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Blinken in Indonesia as U.S. seeks to shore-up Southeast Asia ties

Blinken departs Liverpool after G7 summit
FILE PHOTO: U.S. Secretary of State Antony Antony Blinken waves, as boards his plane following the G7 foreign ministers summit, at Liverpool John Lennon Airport, Britain December 12, 2021. Olivier Douliery /Pool via REUTERS

December 13, 2021

By Humeyra Pamuk

JAKARTA (Reuters) – U.S. Secretary of State Antony Blinken arrived in Indonesia on Monday, kicking off a visit to Southeast Asia aimed at strengthening ties in a region that has become a strategic battleground between Washington and Beijing.

In his first Southeast Asia trip since U.S. President Joe Biden took office in January, Blinken will be in Malaysia and Thailand this week after visiting Indonesia’s capital Jakarta, where he will meet President Joko Widodo and will deliver a speech on U.S. Indo-Pacific strategy on Tuesday.

Southeast Asia is a key stage for a rivalry between the United States and China, the world’s two biggest economies, with a heated battle for influence as the Biden administration seeks to reconnect with a region to which U.S. commitment was questioned under President Donald Trump.

Blinken will pursue Biden’s aim of elevating engagement with the 10-member Association of Southeast Asian Nations (ASEAN) bloc and discuss the president’s vision for an Indo-Pacific economic framework, a top U.S. diplomat for Asia said ahead of the trip.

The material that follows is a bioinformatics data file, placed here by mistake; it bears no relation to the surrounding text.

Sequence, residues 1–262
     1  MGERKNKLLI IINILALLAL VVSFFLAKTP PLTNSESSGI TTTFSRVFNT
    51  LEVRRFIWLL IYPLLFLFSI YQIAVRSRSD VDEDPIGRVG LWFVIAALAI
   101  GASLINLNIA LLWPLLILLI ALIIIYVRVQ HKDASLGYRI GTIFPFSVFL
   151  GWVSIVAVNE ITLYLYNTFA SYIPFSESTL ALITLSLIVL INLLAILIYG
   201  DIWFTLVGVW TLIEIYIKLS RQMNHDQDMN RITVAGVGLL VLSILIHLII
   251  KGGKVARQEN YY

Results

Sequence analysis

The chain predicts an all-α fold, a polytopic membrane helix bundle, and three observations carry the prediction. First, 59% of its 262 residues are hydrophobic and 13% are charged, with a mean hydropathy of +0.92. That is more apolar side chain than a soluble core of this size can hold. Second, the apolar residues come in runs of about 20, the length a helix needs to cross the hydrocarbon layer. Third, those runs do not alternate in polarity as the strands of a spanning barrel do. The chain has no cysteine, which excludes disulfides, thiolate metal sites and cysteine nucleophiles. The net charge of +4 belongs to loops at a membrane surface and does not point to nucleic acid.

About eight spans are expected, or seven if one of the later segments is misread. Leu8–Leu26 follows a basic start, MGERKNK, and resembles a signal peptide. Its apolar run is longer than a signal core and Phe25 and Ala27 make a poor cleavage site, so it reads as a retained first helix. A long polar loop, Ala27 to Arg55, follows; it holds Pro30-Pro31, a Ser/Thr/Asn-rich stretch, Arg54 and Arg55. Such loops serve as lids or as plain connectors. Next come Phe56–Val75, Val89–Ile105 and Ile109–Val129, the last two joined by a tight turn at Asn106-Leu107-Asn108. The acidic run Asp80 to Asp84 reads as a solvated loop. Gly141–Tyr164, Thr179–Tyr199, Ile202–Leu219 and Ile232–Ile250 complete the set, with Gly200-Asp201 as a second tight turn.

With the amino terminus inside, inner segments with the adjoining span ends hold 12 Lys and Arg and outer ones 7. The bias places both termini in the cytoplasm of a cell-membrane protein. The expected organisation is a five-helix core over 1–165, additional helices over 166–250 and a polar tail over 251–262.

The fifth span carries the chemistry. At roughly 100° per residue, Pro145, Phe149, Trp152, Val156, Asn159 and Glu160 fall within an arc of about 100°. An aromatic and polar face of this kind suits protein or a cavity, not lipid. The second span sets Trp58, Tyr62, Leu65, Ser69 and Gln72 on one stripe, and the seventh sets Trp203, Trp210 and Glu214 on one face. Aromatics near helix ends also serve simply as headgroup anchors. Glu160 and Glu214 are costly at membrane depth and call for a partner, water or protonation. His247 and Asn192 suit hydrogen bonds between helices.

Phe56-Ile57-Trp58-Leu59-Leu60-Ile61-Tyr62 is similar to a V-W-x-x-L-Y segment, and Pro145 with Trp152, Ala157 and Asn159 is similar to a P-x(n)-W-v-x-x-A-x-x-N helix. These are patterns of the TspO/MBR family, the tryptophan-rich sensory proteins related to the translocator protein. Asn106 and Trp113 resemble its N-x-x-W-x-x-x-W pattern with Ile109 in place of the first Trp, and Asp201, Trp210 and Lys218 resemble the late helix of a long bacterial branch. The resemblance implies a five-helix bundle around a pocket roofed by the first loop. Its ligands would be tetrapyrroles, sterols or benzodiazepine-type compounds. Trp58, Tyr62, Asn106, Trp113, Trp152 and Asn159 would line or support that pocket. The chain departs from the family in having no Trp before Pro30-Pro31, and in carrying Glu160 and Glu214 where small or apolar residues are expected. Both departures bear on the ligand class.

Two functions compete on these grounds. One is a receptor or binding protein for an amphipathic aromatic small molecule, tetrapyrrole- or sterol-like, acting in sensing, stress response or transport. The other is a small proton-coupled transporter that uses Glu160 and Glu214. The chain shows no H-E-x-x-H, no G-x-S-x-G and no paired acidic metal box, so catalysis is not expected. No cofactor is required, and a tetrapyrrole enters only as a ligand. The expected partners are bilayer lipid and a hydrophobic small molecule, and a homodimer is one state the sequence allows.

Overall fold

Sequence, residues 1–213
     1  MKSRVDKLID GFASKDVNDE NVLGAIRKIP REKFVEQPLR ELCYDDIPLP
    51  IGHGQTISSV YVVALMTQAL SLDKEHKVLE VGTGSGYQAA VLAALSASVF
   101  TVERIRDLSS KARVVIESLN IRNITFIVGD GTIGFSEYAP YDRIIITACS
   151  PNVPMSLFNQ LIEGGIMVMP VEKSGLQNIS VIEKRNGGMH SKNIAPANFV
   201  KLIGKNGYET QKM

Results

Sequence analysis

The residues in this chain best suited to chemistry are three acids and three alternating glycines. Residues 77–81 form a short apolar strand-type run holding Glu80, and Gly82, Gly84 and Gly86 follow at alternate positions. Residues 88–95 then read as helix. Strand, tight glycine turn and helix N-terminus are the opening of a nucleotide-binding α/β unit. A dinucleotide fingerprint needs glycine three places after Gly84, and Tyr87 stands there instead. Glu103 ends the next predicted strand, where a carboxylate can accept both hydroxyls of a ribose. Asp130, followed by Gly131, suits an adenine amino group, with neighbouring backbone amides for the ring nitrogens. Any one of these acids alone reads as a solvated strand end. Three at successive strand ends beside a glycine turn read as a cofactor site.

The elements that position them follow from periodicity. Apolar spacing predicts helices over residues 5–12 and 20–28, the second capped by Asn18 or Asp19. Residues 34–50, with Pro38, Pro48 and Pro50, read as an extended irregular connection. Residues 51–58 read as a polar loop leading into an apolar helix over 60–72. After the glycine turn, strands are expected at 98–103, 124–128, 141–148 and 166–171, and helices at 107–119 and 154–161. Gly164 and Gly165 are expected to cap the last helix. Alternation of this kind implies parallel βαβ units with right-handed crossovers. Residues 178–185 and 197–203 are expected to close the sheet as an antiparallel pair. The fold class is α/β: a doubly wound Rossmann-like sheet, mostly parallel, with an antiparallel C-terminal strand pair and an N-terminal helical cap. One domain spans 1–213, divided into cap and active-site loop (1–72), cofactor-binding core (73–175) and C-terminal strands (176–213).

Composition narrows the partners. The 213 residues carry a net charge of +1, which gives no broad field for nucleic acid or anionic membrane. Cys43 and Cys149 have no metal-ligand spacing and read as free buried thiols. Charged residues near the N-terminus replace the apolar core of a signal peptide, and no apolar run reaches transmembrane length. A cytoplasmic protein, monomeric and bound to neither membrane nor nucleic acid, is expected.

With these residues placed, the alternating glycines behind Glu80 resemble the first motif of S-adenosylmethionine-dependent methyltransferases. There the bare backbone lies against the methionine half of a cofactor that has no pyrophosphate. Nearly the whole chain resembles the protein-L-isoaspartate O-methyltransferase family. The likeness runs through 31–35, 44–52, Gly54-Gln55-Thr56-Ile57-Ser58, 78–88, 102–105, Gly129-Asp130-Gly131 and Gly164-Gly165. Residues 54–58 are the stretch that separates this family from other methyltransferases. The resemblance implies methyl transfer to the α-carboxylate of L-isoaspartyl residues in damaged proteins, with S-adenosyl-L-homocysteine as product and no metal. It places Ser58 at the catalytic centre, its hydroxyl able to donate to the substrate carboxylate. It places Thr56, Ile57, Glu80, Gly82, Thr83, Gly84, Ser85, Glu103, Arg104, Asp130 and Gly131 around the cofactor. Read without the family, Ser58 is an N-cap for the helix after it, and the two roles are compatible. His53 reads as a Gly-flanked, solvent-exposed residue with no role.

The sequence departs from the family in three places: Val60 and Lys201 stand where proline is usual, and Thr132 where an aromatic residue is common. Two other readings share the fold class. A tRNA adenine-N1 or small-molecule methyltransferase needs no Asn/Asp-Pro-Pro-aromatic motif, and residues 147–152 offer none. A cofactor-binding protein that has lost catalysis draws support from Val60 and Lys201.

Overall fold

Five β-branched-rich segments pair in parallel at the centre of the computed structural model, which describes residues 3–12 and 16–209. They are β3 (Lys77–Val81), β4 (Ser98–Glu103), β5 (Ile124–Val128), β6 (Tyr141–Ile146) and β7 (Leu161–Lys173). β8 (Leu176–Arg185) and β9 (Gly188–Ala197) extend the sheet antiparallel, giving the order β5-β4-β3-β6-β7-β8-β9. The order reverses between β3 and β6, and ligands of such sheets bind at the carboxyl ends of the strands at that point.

The United States and Western allies are pushing back against Beijing’s assertiveness in the South China Sea, a conduit for a third of global trade, and accuse its vast coastguard fleet of bullying countries including Vietnam, the Philippines, Malaysia and Indonesia by disrupting energy and fishing activities.

China claims almost the entire sea as its own, and has rejected U.S. actions as meddling by an outside power.

The Biden administration sees closer engagement in Southeast Asia as vital to its efforts to push back against China’s growing power, but Trump’s withdrawal from a regional trade deal in 2017 has limited its ability to exert economic influence, while Beijing has sought to bolster its trade ties.

The administration has yet to spell out what exactly Biden’s envisaged economic framework will entail.

(Writing by Humeyra Pamuk and Martin Petty; Editing by Stephen Coates)

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